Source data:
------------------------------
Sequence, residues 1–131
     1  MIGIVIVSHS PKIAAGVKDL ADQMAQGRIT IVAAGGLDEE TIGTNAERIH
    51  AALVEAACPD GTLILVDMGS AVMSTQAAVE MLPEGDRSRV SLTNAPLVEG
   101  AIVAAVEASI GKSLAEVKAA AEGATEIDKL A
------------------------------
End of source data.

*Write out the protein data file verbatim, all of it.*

Sequence, residues 1–131
     1  MIGIVIVSHS PKIAAGVKDL ADQMAQGRIT IVAAGGLDEE TIGTNAERIH
    51  AALVEAACPD GTLILVDMGS AVMSTQAAVE MLPEGDRSRV SLTNAPLVEG
   101  AIVAAVEASI GKSLAEVKAA AEGATEIDKL A